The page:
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The 10 Worst Career Tips That You Should not Pay Attention to.

The old refrains are well known-you can be anything, do what you love, make yourself indispensable-but may not reveal the path to the top. The moral? Career advice comes cheap, so be careful what you buy into. A cross-section of specialists weigh in to debunk some old favorites. Don't be fooled into following the worst career advice disguised as the best.

1. Life is short. Never stay in a job that isn't personally rewarding.

"Most people misunderstand the relationship between passion and career choice".  The current fixation on loving what you do is misguided, as you'll have better career outcomes if you choose a profession that you'll excel in. "Passion alone is not a sufficient condition for making a living." 

2. They aren't paying you enough to do that.

"If you actually believe that you're too good to do something, you're fooling yourself". Young workers who thumb their noses at menial tasks are often perceived as immature and unwilling to be team players. By

completing small tasks with integrity and attention to detail, you'll earn the trust of supervisors and work your way towards bigger projects.

3. It's who you know. Network, network, network.

"It's important to stay connected," but smart networking hinges on quality rather than quantity. "It's about the strength of your connections." You may have 700 friends on Facebook or LinkedIn, but how many are willing and able to help? Craft a more targeted networking strategy, and also ask yourself: Am I a good referral? Consider how best to position yourself to your network.

4. Bring it up in your performance evaluation.

"Nothing should ever be discussed for the first time at a performance evaluation," says a manager. Similarly, employees should never save a question or concern for the evaluation. Positive career development requires open communication year-round. 

 5. Get an MBA.
While an MBA may be one of the more useful general degrees, it's not an end in itself. "Getting an MBA is a very costly option these days, and unless you're obtaining it with a clear career goal in mind, your school time can end up being nothing more than a glamorous two-year vacation."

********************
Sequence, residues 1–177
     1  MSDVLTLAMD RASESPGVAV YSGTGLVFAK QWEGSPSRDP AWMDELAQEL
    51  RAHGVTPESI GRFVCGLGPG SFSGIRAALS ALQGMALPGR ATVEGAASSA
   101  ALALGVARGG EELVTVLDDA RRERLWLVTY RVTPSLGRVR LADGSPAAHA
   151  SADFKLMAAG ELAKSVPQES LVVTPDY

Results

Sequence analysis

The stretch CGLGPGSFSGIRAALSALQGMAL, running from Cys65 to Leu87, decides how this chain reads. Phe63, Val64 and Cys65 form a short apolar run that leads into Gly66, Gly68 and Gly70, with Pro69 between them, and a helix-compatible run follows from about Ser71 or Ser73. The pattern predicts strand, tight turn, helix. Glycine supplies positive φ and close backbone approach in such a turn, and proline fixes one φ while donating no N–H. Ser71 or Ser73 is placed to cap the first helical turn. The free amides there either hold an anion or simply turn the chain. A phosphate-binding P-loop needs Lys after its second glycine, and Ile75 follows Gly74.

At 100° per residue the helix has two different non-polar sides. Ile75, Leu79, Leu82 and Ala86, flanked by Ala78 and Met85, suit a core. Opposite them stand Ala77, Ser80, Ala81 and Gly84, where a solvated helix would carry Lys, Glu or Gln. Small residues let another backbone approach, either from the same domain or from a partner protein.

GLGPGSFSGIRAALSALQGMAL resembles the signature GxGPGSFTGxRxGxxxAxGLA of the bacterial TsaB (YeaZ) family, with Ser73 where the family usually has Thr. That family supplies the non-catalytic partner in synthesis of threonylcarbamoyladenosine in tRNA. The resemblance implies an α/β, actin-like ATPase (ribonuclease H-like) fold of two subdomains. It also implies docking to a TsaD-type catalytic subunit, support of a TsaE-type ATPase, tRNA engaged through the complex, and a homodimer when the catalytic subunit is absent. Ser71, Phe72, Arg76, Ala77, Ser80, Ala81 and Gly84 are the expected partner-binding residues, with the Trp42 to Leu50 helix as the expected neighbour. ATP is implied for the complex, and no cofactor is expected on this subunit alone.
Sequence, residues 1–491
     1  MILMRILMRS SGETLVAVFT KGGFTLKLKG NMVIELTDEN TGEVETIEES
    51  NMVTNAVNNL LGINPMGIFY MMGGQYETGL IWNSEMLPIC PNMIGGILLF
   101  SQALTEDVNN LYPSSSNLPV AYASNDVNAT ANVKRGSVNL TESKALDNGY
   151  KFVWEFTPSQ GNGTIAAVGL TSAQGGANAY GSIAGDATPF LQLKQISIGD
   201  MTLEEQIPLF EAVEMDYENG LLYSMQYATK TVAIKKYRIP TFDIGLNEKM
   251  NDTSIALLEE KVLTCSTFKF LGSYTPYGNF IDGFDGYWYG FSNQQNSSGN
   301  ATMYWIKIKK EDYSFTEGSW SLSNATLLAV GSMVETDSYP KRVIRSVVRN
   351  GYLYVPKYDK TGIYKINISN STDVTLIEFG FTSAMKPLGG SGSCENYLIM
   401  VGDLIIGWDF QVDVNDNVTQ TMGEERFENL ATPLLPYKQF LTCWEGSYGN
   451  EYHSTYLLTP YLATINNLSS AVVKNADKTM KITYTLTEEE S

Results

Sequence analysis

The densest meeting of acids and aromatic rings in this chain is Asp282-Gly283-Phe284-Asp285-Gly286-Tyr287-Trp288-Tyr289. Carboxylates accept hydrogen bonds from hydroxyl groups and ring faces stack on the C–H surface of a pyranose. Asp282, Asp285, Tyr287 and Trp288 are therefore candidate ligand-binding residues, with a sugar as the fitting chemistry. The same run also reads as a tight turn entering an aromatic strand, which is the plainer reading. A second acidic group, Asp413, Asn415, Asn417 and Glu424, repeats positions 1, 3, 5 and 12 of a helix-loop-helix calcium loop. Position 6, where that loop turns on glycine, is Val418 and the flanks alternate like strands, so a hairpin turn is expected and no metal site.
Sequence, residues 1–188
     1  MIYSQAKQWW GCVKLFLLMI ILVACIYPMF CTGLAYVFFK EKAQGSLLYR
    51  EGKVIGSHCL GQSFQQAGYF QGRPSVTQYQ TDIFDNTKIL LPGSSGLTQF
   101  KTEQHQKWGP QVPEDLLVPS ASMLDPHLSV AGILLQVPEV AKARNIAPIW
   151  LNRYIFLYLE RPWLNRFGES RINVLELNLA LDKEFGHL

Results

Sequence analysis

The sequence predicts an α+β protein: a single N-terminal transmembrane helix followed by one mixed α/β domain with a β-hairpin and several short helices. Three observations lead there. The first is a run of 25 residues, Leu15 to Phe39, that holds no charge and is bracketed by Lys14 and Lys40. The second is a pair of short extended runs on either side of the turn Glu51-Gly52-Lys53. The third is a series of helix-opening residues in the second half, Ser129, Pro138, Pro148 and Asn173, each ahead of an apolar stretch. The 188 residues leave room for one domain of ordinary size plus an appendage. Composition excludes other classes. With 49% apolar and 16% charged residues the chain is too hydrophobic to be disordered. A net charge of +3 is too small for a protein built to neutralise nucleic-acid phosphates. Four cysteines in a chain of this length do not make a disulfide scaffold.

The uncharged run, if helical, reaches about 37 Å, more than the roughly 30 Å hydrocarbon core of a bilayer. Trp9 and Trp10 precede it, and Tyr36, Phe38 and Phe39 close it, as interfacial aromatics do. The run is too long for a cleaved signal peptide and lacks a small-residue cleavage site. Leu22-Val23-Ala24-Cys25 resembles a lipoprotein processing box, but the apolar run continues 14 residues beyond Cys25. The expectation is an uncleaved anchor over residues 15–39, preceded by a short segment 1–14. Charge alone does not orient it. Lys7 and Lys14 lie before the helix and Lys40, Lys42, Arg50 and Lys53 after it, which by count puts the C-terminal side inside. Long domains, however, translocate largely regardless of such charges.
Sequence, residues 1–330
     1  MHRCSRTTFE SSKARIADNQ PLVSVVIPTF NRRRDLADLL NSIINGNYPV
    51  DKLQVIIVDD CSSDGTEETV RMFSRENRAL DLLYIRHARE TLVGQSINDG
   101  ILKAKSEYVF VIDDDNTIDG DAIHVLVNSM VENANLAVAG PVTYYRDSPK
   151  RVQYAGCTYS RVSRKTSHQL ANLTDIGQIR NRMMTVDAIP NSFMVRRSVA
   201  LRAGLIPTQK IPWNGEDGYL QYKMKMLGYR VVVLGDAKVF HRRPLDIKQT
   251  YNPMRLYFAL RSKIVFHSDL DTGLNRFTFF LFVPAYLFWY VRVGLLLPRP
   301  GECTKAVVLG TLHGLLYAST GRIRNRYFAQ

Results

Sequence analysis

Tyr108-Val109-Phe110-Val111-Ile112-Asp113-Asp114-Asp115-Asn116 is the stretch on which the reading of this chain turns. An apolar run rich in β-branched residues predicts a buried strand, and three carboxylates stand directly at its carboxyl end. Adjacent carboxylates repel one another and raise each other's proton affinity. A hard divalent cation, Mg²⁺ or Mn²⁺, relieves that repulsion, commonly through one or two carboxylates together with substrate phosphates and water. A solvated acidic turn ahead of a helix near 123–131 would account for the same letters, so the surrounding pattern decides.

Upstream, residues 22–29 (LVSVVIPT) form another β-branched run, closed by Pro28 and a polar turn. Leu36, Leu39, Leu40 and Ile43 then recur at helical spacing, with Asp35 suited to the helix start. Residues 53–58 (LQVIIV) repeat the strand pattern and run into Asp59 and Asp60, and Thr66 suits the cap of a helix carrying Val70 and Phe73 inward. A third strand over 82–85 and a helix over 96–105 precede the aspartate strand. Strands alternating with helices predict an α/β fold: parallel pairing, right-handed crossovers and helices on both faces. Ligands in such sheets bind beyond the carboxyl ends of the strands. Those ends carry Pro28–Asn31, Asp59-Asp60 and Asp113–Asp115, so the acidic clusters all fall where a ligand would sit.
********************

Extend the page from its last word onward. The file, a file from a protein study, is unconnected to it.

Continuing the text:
6. Multi-task to get more done.

Because younger workers grew up using advanced communication technologies (smartphones, instant message, etc.) they often feel like "masters of multi-tasking," who can tackle many projects quickly and at once. In fact, they split their concentration and spread themselves too thin. "The brain works best when laser focused."

7. You have to start from somewhere.
"I often hear from recent college graduates, especially in a tough economy, that they are tempted to take a job that is beneath [their education level] as a way of getting a foot in the door". "But be careful. If you want to play a marketing role, go for the marketing role." If you accept a role that is far off-track from your career goals, it can be more difficult than you'd expect to shake the label and rebrand yourself. 

 8. You must stay in a job for at least a year.

"This is nonsense," says a leading career consultant. While a pattern of job-hopping on your resume will reflect poorly, it's never wise to tough out a job with unhealthy levels of stress or a toxic environment that hinders you or your work. So keep the job while you look for a new one. In interviews, spin the short timeframe as "it was a great job but the wrong fit for me" and move the conversation forward. 

9. Apply for as many jobs as possible.

"While casting a wide net may seem like a good strategy," "it's more important for job seekers to focus on opportunities that will be a fit for them and where they will fit best." Concentrating on select openings gives applicants the necessary time to research the company, tailor their resumes and better prepare for interviews. "Simply applying for every possible job using a template resume is frowned on by hiring managers."

10. Delete unrelated work experience from your resume. Attach a picture.

"Career counselors will tell you not to put trivial jobs on your resume; I totally disagree," says a Career counselor. He believes that retail jobs, part-time work and volunteering may exhibit character and leadership roles that otherwise would be lost. Also, attaching a picture to your CV has recently come into style, but in fact, it may get your resume tossed. Employers are legally barred from discriminating based on looks. 


  1. This has been one of the best if not the best article I've ever read on Careers, I'm without a doubt that this is gonna come in handy. Keep up the good work.

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  3. I am happy to find this post very useful for me, as it contains lot of information. I always prefer to read the quality content and this thing I found in you post. Thanks for sharing..

  4. I would say all the 10 points are really awesome.This is one of the most real blogs I have ever read. Nothing overcomes good first hand encounters on subjects.